Home  \  Authors  \  Authors  \  Gabriela Avigur-Rotem  \ 

Mozart Was Not a Jew

Gabriela Avigur-Rotem
This first novel is a fantastic-lyrical family saga set in Argentina at the turn of the century, beginning when two Jewish families from Eastern Europe emigrate to Buenos Aires and the rural Mar de Oro. Of the story’s two branches, the first is the family of Leon and Ida Gidekel. Worn down by time and the demands of living, Leon abandons his dream to be a great singer and passes his ambition to his nine children, buying a piano for each. Ida tries to draw the line when Leon brings a piano for two-year-old Salomon. "Even Mozart began at three," she says. But Leon replies: "Mozart was not a Jew."
The other branch is Isaac and Fanny Gurman`s family, which eventually links with the first when their offspring marry. The story depicts the alienation of the East European Jews in South America, and the connection of these Jews to the emerging national center in Israel. Each of the sixty characters has a distinct shape and color, from the wild, raucous children of the Pampas to Bengo`s half-caste son and the half-Indian Regalo, who moves to Palestine.
The story is told through family letters, written against the historical background of the early days of political Zionism, Baron Hirsch`s support for a Jewish colony in Argentina, the Spanish Civil War and the Second World War.

Is this really a first novel? Everything is here: stunning verbal wealth, and experience rich in color, sound and taste.
Critic Yehudit Orian

I am amazed at the rare epic sweep of Avigur-Rotem’s writing.
Author Batya Gur

English translation available (for publishers only)

Avigur-Rotem Mozart Was Not a Jew
Title Mozart Was Not a Jew
Author’s Last Name Avigur-Rotem
Author's First Name Gabriela
Language(s) Italian, Arabic, Chinese, Portuguese
Genre novel
Publisher (Hebrew) Keter
Year of Publication (Hebrew) 1992
Publisher 2 (Hebrew) Kinneret, Zmora-Bitan
Year of Publication 2 (Hebrew) 2008
No. Pages 306 pp.
Book title - Hebrew (phonetic) Motzart Lo Haya Yehudi
Representation Represented by ITHL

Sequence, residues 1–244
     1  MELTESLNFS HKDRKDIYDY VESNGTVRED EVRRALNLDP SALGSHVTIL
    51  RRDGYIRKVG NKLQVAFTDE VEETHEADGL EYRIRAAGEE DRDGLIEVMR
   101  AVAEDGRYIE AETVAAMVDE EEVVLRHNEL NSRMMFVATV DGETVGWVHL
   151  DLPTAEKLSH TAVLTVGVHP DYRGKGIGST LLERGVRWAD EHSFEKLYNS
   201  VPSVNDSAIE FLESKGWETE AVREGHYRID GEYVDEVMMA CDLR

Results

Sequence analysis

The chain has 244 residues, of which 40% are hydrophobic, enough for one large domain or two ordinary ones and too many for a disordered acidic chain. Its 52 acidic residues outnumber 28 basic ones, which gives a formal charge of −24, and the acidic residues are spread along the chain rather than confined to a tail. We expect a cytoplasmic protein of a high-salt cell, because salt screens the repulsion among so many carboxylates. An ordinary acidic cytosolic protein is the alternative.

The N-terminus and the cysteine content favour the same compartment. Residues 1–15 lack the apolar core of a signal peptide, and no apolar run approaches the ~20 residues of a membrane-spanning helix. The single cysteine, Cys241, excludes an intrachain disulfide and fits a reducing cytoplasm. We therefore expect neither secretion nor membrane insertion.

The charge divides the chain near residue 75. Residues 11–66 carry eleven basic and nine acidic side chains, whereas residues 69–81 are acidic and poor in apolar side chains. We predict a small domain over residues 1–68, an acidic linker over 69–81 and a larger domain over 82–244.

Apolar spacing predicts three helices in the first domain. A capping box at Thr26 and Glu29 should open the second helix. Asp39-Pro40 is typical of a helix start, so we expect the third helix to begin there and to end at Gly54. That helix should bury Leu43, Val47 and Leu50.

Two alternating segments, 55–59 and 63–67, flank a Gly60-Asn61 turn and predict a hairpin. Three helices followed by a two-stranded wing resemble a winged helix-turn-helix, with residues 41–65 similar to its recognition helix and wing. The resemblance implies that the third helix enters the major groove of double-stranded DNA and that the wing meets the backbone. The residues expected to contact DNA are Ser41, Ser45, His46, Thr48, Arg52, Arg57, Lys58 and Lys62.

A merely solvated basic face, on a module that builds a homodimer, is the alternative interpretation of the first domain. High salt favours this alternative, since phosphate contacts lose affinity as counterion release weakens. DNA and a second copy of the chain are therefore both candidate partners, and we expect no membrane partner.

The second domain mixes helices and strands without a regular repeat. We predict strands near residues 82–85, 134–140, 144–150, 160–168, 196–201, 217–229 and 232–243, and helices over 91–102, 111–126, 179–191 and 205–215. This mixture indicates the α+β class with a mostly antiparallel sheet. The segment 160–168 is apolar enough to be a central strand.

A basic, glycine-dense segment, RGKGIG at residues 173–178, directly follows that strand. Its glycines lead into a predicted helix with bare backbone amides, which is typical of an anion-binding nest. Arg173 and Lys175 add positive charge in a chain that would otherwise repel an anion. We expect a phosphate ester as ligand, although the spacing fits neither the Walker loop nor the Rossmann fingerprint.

Italian: Milan, Tartaruga, 1997; pback: Milan, Baldini & Castoldi, 1999
Portuguese: Rio de Janeiro, Imago, 1997
Chinese: Guangzhou, Flower City, 1998
Arabic: Cairo, Al Dar al-Arabia, 2001
Congratulations to Barabara Harshav for the 2018 PEN Medal for Translation!
The prize is given to a translator whose career has demonstrated a commitment to excellence through the body of their work. Barbara Harshav has been translating works from French, German, Hebrew and Yiddish for over twenty years and has currently published over forty books of translation. Among the many Hebrew authors she has translated: Yoram Kaniuk, Agnon, Yehudit Hendel, Yehuda Amichai and many more.
The Ministry of Culture and Sport announced the names of the winners of the Arik Einstein Veterans Artists Prize.
A prize of 50,000 NIS was given to each of the 21 artists who worked and are still working to promote Israeli culture in various fields -Music, dance, theater, plastic arts, cinema and literature. In the literature category the winners were Ronny Someck, Jacob Buchan and Shlomit Cohen-Assif. Also, Anat Masiach is among the recipient of the prize for debut literary works. Congratulations!
Congratulations to Ronit Matalon, the recipient of the 2017 Brenner prize for her book 'And the Bride Closed the Door". And, congratulations to Amir ziv, the recipent of the first ever Brenner prize for debut novels.
Ronit Matalon's book tells the story of Margie, a young bride, who shuts herself up in her mother's bedroom and declares that she won’t get married. Her family gathers at the locked door, not knowing what to do. Amir Ziv tells a story that begins as an apparently routine correspondence between a prying citizen, secretly in love with his neighbor, and a conscientious municipal clerk, and developes into an uncovering of a great underlying drama.
The fourth German-Hebrew/Hebrew-German translation workshop November 4th to 10th, 2018 Beit Ben-Yehuda, Jerusalem
After workshops in Berlin, Jerusalem and Straelen, the workshop will return to Jerusalem this spring. This workshop will focus on the participants translations. These are unfinished translations that have not yet been published. These will be sent to all participants. The workshop is open to 10 participants and is intended for literary translators with experience and publications. Workshop facilitators: Anne Birkenhauer and Gadi Goldberg Prerequisites: At least one published translation Duration: November 4th 2018 until November 10th, 2018 Location: Beit Ben-Yehuda, 28 Ein Gedi St., 93383 Jerusalem Participation fee: Participation (Accommodation and meals) is free of charge. Travel / flight expenses will be refunded. For more details and for the documents required for submitting application: Anne Birkenhauer, and Gadi Goldberg,
Ayelet Gundar-Goshen's "Waking Lions" is one of the 100 notable books of 2017 of the "New York Times".

Congratulations to Zeruya Shalev and Shifra Horn for receiving the 2017 Adei Wizo Prize.

Ayelet Gundar-Goshen's "Waking Lions" is longlisted for the 2018 International Dublin Literary Award
Ayelet Gundar-Goshen's "Waking Lions" is longlisted for the 2018 International Dublin Literary Award! The books on the longlist are selected by 400 libraries worldwide. Titles are nominated on the basis of ‘high literary merit’ as determined by the nominating library.
Yitzchak Mayer's personal website goes live
English edition of Yitzchak Mayer's amazing "Silent Letter" is about to come out with Mosaic Press. Learn more about the author's incredible life story on his brand new website.
MHL - New webzine starting soon!